The Fremont Neighborhood Council has been quite concerned about the Lanz Fremont 3-story 32-unit apartment building being reviewed for construction at 3959 & 3965 Fremont Ave N.  The building faces Fremont Avenue N on the east, on the edge of the Fremont Urban Village, but the west it presents a large presence, facing a very narrow alley difficult for firetrucks and other vehicles to enter. We just received this email describing refusal to move the building’s proposed main entrance from the alley to the urban village side as the Early Design Guidance Report recommended.  Decisions may be made soon.  Excerpts from the message follow:

Dear Fremont Neighbors and Friends,
You are receiving this email because you have previously expressed concern about the Lanz Fremont 3-story 32-unit apartment building being proposed for construction at 3959 & 3965 Fremont Ave N, across the street from B.F. Day Elementary school.

The design of the building places the primary entrance off a narrow residential alley behind a dead-end street, even though the project street address is Fremont Ave N.  This means that all vehicular access for deliveries, pick-ups, moving, etc. would be though lower density residential streets of upper Fremont.  Also, this design fails to provide direct access to Fremont Ave N for people who are unable to negotiate stairs.  We are at the stage where we need to take legal action against this project and we need your help.

What is happening now?
This project is in the Master Use Permit design review stage.  The Early Design Guidance Report issued by the Seattle Department of Construction & Inspections (SDCI) in February 2018, directed the developer to put the primary entrance to the building from Fremont Ave N.  The developer responded by submitting a new design IGNORING the guidance, keeping the ONLY entrance off the alley, and increasing the number of micro-unit apartments from 29 to 32.

Unfortunately, it does not appear that SDCI is going to force the developer to follow the Early Design Guidance regarding placement of the main entrance.  We have had multiple communications in person, by phone, and by email with the land use planner assigned to this project.  She gives every indication, without explicitly saying so, that she is going to allow the developer to put the only entrance to the building facing the alley, contrary to the Early Design Guidance.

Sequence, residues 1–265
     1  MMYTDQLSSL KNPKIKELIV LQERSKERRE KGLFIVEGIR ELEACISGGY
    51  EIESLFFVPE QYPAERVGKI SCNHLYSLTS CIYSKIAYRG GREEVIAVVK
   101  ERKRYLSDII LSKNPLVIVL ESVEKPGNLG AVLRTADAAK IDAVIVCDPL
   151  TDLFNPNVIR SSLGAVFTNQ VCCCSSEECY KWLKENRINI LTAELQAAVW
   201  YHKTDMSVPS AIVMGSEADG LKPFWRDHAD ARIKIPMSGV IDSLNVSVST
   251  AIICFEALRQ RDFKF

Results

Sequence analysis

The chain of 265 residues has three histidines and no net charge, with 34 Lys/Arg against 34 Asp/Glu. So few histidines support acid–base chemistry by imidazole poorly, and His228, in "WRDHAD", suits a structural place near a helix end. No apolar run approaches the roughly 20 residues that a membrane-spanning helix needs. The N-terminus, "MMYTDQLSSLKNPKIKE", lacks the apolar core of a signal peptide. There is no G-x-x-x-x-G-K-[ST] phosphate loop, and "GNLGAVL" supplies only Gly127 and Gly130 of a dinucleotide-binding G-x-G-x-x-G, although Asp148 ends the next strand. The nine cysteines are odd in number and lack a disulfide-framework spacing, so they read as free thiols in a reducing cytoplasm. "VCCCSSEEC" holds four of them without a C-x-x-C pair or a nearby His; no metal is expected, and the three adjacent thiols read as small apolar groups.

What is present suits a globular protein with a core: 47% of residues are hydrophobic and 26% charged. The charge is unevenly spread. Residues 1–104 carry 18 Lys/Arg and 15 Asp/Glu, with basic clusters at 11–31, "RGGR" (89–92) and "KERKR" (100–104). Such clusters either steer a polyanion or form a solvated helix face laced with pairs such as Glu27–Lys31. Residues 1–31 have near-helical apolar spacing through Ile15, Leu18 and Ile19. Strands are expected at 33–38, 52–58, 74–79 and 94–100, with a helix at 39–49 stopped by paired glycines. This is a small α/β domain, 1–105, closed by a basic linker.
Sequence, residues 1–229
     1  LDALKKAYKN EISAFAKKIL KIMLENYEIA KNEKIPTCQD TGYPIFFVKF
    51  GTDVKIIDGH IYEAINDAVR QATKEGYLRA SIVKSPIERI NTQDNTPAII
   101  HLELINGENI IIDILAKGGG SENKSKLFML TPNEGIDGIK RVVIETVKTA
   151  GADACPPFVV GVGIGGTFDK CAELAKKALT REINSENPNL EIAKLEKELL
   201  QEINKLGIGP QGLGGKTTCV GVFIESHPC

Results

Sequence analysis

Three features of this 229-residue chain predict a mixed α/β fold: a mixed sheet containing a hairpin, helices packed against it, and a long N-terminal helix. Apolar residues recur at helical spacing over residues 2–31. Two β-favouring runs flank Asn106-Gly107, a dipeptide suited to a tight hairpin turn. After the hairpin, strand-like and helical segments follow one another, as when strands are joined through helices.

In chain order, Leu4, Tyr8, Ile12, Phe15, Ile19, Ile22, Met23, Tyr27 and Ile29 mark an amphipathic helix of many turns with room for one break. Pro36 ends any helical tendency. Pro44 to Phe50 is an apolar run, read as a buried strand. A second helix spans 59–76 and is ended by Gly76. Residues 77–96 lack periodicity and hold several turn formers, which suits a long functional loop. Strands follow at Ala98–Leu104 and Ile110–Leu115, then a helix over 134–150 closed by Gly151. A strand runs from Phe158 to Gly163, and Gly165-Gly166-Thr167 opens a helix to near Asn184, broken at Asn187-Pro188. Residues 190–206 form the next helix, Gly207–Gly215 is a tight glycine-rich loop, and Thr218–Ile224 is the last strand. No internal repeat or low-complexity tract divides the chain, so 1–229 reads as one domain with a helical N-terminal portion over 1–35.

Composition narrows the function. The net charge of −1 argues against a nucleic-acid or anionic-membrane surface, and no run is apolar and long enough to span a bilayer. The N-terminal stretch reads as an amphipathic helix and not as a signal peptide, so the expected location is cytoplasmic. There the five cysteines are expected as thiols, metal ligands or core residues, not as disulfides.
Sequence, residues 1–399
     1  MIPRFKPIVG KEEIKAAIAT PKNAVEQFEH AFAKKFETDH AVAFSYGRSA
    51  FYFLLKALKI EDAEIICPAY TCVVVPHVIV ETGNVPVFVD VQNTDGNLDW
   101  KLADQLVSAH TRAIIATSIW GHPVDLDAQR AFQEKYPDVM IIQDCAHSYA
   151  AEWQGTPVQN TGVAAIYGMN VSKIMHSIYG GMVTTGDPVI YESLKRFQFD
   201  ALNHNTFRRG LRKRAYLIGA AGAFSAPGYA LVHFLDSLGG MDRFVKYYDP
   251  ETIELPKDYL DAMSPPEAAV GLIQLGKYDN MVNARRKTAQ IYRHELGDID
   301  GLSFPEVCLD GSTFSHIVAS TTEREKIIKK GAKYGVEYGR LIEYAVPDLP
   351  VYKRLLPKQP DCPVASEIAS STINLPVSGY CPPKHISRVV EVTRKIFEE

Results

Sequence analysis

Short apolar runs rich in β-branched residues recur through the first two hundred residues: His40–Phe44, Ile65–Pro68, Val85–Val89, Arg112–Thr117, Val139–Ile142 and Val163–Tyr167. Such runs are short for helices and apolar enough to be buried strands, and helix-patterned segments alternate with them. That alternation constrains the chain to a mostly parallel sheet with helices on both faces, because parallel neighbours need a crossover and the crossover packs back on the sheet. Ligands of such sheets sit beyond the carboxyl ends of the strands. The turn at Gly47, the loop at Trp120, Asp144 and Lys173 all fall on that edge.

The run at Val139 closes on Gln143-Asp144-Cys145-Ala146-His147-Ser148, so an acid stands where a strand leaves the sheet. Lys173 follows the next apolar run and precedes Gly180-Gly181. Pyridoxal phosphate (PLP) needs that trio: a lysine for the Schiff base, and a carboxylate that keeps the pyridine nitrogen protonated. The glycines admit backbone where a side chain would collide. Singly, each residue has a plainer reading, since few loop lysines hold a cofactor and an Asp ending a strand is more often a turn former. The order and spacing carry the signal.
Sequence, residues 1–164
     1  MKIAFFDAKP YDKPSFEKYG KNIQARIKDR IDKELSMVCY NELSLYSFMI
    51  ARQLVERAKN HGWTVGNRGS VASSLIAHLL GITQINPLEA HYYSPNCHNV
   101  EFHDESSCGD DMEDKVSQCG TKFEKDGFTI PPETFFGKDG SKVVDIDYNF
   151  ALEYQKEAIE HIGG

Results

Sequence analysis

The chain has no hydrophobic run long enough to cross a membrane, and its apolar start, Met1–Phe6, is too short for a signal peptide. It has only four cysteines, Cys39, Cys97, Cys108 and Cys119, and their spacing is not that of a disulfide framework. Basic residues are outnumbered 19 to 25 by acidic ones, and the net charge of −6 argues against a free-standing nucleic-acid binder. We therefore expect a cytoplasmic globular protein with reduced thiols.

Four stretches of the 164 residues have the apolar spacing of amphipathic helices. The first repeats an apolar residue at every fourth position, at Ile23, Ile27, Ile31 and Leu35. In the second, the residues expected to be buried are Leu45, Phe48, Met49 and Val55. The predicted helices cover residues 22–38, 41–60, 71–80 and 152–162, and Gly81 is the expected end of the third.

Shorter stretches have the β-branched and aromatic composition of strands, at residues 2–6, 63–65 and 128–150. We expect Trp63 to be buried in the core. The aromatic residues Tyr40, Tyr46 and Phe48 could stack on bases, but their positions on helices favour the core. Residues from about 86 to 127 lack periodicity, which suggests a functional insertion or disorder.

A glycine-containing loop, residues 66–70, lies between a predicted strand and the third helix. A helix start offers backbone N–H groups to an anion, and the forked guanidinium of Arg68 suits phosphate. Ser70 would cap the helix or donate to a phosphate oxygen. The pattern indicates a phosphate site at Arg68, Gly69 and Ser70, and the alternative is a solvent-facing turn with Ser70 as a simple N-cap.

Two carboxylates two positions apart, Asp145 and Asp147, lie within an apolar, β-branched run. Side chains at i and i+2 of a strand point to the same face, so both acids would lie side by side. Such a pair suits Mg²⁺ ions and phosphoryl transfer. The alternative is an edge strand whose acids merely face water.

Various SDCI departments have issued corrections to the developer regarding aspects of the revised design, but none of these corrections mention moving the primary entrance so that it is facing Fremont Ave N.  After all the corrections are addressed by the developer, the SDCI planner assigned to this project will issue a decision.  If SDCI decides that this design, with all its faults, will not have signficant negative impacts on the neighborhood, then they will issue a Determination of Non-significance (DNS).  After a DNS is published, our neighborhood will have just two weeks to file an appeal to the Hearing Examiner, who functions like a court judge for development disputes.  Otherwise the project receives a Master Use permit.


“After a DNS is published, our neighborhood will have just two weeks to file an appeal to the Hearing Examiner…” Friends of Upper Fremont

Friends of Upper Fremont seek to challenge this to the Hearing Examiner.  Residents of Upper Fremont they created a 501(c)(4) nonprofit organization “to protect the character and livability of our neighborhood from projects such as Lanz Fremont.  They oppose the current design because, they write, there is:

  • Violation of LR2 access intent – This project violates the intent of the LR2 (low-rise 2) rezoning functional and locational criteria for the site.  This code indicates that LR2 is suitable for sites that have direct access to an arterial street and are not required to use streets that go through lower density zones (like our neighborhood) for access.  Therefore, this project needs to follow the intent of its LR2 rezoning by placing the primary entrance on Fremont Ave N.  The fact that the city planner doesn’t want to consider the criteria that was used for the rezone shows a lazy disconnect between zoning decisions and development oversight.
  • Violation of building entry orientation – The land use code regulating apartment building orientation requires an entry to face the street and have direct access to the street.  And the street of address for this project is Fremont Ave N, not unnamed alley.
  • Violation of building equal access – The building code also requires that access to Fremont Ave N via the narrow winding staircase, that the developer has begrudgingly added to the design, be equally accessible for people of all abilities.  The project design does not provide this required equal access.

For more information, contact Friends of Upper Fremont at